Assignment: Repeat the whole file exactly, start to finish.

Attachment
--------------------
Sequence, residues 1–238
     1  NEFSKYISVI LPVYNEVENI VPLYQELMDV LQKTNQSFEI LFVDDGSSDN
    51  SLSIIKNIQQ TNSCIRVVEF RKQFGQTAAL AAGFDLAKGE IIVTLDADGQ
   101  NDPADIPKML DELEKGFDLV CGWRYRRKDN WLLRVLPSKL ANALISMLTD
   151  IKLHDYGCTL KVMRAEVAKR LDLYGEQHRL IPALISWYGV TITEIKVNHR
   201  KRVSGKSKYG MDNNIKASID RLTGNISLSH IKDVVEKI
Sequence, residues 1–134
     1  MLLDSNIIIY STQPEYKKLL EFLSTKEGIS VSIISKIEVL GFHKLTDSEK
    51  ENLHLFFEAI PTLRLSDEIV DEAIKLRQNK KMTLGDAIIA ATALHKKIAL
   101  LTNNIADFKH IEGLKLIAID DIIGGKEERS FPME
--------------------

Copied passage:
Sequence, residues 1–238
     1  NEFSKYISVI LPVYNEVENI VPLYQELMDV LQKTNQSFEI LFVDDGSSDN
    51  SLSIIKNIQQ TNSCIRVVEF RKQFGQTAAL AAGFDLAKGE IIVTLDADGQ
   101  NDPADIPKML DELEKGFDLV CGWRYRRKDN WLLRVLPSKL ANALISMLTD
   151  IKLHDYGCTL KVMRAEVAKR LDLYGEQHRL IPALISWYGV TITEIKVNHR
   201  KRVSGKSKYG MDNNIKASID RLTGNISLSH IKDVVEKI
Sequence, residues 1–134
     1  MLLDSNIIIY STQPEYKKLL EFLSTKEGIS VSIISKIEVL GFHKLTDSEK
    51  ENLHLFFEAI PTLRLSDEIV DEAIKLRQNK KMTLGDAIIA ATALHKKIAL
   101  LTNNIADFKH IEGLKLIAID DIIGGKEERS FPME